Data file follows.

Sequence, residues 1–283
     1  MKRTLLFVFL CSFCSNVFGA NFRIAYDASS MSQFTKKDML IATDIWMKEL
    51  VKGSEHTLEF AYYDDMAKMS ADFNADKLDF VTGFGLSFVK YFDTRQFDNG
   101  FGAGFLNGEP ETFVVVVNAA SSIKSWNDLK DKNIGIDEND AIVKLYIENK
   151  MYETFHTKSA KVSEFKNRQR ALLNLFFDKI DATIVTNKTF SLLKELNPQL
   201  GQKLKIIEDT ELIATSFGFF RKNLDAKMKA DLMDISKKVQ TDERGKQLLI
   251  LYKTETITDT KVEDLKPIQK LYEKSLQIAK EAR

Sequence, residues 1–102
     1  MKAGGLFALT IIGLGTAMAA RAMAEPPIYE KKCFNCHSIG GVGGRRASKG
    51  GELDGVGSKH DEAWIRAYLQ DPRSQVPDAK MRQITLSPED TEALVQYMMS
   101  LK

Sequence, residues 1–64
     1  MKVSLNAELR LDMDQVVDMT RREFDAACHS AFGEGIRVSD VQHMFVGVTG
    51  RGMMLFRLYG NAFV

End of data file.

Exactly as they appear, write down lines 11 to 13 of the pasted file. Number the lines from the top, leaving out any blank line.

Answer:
   101  LK

Sequence, residues 1–64
     1  MKVSLNAELR LDMDQVVDMT RREFDAACHS AFGEGIRVSD VQHMFVGVTG